Revenue monitors websites to contain piracy


Author: Martha Beck

Source: O Globo, 21/10/2007

BRASILIA. The sophistication of smugglers forced the IRS to set up groups specialized in monitoring websites to identify the sale of illegal products in the country. The inspectors enter the network to obtain information about the smuggled cargo deposits, in addition to detecting how the products arrived in Brazil. There are sites that sell pirated items as "replicas" at much lower prices. A Louis Vuitton scholarship, for example, is offered for R $ 300, when the real one costs more than a thousand reais. The contacts on the sites are always cell phones, and payment is made by bank deposits.

The audacity of the scammers is so great that some claim, on its pages, that the products are intended for collectors and that the company is not responsible if buyers sell the merchandise as if it were original.

The inspectors' strategy is straightforward: simulate purchases and analyze invoices, in addition to investigating the accounts provided by scammers for payment. Another measure is to tighten the inspection on orders made by the Post Office. Last month, in the one-day operation Leão Expresso II, the Treasury seized R $ 900 thousand in products that would be delivered by the Post Office.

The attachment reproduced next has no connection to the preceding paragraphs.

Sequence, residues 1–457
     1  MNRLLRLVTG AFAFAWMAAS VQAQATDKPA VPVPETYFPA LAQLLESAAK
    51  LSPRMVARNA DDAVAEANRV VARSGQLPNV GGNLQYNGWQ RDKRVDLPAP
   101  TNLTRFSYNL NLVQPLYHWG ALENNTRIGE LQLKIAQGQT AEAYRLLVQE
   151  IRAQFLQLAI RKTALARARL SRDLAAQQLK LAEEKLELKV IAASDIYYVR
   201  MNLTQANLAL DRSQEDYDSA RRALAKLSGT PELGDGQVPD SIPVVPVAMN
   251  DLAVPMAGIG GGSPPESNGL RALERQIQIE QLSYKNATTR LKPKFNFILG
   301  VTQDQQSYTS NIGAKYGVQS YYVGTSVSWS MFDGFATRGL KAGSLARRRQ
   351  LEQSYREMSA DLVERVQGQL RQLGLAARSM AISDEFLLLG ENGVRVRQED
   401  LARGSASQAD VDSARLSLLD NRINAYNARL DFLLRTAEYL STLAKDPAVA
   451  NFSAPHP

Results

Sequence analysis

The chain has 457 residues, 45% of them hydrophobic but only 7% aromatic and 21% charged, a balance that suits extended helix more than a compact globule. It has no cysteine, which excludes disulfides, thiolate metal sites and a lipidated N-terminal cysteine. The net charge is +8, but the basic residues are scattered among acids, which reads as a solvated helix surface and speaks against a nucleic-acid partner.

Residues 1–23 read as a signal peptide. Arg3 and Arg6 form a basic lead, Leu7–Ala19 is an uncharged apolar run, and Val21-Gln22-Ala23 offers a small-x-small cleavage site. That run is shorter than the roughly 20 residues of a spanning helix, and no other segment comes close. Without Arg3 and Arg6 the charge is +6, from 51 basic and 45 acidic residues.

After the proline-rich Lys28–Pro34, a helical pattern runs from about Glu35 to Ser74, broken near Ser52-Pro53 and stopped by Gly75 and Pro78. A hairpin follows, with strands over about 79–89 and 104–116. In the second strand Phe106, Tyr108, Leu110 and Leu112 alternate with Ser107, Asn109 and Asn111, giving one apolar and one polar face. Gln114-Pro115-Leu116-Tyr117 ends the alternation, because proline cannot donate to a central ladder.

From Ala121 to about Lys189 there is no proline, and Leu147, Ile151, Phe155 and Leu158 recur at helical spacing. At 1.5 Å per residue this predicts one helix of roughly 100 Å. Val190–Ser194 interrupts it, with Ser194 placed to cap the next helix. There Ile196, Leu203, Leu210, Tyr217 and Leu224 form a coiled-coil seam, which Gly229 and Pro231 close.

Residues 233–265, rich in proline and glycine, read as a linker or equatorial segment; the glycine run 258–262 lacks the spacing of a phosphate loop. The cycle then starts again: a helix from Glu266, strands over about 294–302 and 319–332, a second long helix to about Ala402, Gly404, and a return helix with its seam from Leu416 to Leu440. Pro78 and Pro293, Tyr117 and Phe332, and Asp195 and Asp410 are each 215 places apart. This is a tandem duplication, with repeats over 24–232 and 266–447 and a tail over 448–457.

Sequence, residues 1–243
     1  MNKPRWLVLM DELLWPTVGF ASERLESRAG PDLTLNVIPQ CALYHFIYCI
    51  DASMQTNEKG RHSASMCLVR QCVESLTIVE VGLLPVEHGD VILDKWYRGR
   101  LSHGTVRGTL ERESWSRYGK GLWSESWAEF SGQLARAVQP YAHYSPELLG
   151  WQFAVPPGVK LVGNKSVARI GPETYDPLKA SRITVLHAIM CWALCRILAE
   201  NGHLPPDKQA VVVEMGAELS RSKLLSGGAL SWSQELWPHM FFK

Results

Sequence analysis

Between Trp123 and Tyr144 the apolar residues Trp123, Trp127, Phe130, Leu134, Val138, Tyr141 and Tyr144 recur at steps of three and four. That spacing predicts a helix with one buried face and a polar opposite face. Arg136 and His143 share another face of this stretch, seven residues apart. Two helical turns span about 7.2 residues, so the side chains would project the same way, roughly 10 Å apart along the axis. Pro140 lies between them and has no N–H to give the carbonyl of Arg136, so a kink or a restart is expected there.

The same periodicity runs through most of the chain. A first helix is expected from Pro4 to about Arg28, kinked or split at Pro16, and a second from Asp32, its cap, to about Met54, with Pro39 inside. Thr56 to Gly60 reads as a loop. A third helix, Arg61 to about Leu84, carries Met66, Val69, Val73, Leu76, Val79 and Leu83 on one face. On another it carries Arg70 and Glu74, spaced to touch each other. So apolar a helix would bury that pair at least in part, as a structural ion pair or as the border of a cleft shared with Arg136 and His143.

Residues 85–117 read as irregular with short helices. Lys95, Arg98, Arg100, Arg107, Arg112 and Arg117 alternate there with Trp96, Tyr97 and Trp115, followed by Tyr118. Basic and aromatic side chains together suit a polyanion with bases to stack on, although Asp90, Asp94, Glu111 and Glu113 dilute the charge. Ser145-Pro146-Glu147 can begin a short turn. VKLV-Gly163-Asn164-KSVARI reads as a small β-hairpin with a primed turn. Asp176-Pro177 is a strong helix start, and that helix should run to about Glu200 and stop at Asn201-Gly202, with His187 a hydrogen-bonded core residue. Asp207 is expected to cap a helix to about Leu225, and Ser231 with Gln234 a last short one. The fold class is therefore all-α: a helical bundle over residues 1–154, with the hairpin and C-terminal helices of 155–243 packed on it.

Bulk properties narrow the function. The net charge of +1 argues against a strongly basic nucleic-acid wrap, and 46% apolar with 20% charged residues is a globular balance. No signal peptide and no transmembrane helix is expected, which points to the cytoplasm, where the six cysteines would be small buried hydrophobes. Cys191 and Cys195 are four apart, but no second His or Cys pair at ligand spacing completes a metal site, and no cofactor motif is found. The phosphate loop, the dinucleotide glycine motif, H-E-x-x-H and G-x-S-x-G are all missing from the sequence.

According to the head of the Counterfeiting, Smuggling and Piracy Revenue Division, Mauro de Brito, buyers can also be summoned to help: - When goods are seized, the buyer can be called in to inform, for example, how he did payment and in which account you deposited the amounts.

According to him, smuggling and piracy come in many different forms. The main one is the border with Paraguay, either by the Friendship Bridge, in Foz do Iguaçu, in Paraná, or by cities in Mato Grosso do Sul and Paraná. This year, until August, the seizures made by the customs area reached R $ 675 million.

For the president of the Etco Institute, André Franco Montoro Filho, the challenges are increasingly greater, since crime has become more sophisticated and is affecting not only companies, but the growth of the economy.

According to the National Council to Combat Piracy, if this crime were to be eradicated, two million formal jobs would be generated per year in the country. In addition, Brazil fails to collect R $ 27 billion annually in taxes.